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Richard Rogers Wins the 2019 AIA Gold Medal

Richard Rogers Wins the 2019 AIA Gold Medal, Centre Georges Pompidou / Richard Rogers + Renzo Piano. Image © Flickr user dalbera licensed under CC BY 2.0
Centre Georges Pompidou / Richard Rogers + Renzo Piano. Image © Flickr user dalbera licensed under CC BY 2.0

Richard Rogers has been awarded the 2019 AIA Gold Medal by the American Institute of Architects. The world-renowned architect and founding principal of Rogers Stirk Harbour + Partners has been recognized “for his influence on the built environment [that] has redefined an architect’s responsibilities to society.”

Honoring “an individual or pair of architects whose significant body of work has had a lasting influence on the theory and practice of architecture,” the AIA Gold Medal is often considered the highest honor awarded in the United States for architecture.

NEO Bankside. Image © Edmund Sumner

3 World Trade Center. Image Courtesy of Rogers Stirk Harbour + Partners

The Leadenhall Building. Image © Richard Bryant – Courtesy of British Land/Oxford Properties

Y-Cube. Image © Grant Smith





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© 2013 Rogers Stirk Harbour + Partners LLP

© 2013 Rogers Stirk Harbour + Partners LLP

As one of the leading architects of the British High-Tech movement, Pritzker Prize-winner Richard Rogers stands out as one of the most innovative and distinctive architects of a generation. Rogers made his name in the 1970s and ’80s, with buildings such as the Centre Georges Pompidou in Paris and the Headquarters for Lloyd’s Bank in London. To this day his work plays with similar motifs, utilizing bright colors and structural elements to create a style that is recognizable, yet also highly adaptable.

NEO Bankside. Image © Edmund Sumner

NEO Bankside. Image © Edmund Sumner

Rogers was born in Florence, but his family moved to Britain during the Second World War, when Rogers was a child. After attending the Architectural Association in London, Rogers studied in the United States at Yale University, where he met fellow Brit Norman Foster. After graduating, the two architects joined forces with Su Brumwell and Wendy Cheeseman to form Team 4 in 1963. Though their collaboration as Team 4 lasted just four years, it would prove to be a crucial formative stage in British architecture, as both Rogers and Foster went on to be the leading names of the British High-Tech scene.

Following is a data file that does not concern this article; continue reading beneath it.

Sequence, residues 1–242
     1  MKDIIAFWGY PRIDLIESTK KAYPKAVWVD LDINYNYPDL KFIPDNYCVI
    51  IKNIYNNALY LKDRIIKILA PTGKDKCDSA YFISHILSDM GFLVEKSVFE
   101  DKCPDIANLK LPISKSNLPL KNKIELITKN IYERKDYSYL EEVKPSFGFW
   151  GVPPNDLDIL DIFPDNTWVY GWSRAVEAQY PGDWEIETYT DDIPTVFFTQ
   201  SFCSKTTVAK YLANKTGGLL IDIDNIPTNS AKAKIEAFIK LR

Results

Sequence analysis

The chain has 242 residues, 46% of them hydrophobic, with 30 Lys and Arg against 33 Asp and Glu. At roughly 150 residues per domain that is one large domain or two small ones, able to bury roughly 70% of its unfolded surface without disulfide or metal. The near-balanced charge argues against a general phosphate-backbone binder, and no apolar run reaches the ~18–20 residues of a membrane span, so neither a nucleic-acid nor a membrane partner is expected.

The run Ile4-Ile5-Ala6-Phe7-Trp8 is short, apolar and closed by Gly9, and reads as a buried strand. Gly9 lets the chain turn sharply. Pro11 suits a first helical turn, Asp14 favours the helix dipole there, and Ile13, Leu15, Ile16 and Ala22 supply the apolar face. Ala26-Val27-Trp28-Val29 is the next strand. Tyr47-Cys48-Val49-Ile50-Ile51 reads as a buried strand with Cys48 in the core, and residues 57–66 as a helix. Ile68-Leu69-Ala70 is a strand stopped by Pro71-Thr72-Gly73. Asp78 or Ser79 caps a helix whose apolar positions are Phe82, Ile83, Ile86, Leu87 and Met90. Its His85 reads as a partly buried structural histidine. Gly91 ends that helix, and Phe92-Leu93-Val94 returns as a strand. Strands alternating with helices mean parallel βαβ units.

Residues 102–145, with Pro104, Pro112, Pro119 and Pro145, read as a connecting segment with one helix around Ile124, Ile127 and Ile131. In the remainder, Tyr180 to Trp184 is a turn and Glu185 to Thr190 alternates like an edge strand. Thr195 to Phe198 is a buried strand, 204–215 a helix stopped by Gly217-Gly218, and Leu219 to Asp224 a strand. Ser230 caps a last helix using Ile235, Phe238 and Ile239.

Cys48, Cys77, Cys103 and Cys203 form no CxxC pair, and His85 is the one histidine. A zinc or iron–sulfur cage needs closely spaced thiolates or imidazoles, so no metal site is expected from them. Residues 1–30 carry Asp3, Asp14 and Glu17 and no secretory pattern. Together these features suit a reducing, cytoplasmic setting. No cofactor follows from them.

3 World Trade Center. Image Courtesy of Rogers Stirk Harbour + Partners

3 World Trade Center. Image Courtesy of Rogers Stirk Harbour + Partners

In the 1990s Rogers became involved in British politics, sitting in the House of Lords as a Labour Peer (his full title is Baron Rogers of Riverside). This led to an invitation by the government to set up the Urban Task Force, which in 1998 conducted a review into the causes of urban decay and outlined a vision for the future of British Cities in the paper “Towards an Urban Renaissance.” For 8 years he was also chief advisor on architecture and urbanism for the Mayor of London.

The Leadenhall Building. Image © Richard Bryant – Courtesy of British Land/Oxford Properties

The Leadenhall Building. Image © Richard Bryant – Courtesy of British Land/Oxford Properties

In more recent years Rogers has continued to produce work of great merit, winning theRichard Rogers – 3″ data-status=”create” data-insights-category=”kth-signup-form” data-insights-label=”nrd-save-this-bookmark” data-insights-value=”7″ data-insights-id=”1544102207670.5305″> Stirling Prize in 2006 and 2009, and the Pritzker Prize in 2007.

Y-Cube. Image © Grant Smith

Y-Cube. Image © Grant Smith

As the 75th recipient of the Gold Medal, Rogers joins an esteemed list of winners including Frank Lloyd Wright (1949), Louis Sullivan (1944), Le Corbusier (1961), Louis I. Kahn (1971), I.M. Pei (1979), Thom Mayne (2013), Julia Morgan (2014), Moshe Safdie (2015) and Denise Scott Brown & Robert Venturi (2016). Last year, the award was given to James Stewart Polshek.

Millennium Dome. Image © Flickr user jamesjin licensed under CC BY-SA 2.0

Millennium Dome. Image © Flickr user jamesjin licensed under CC BY-SA 2.0

News via: The American Institute of Architects

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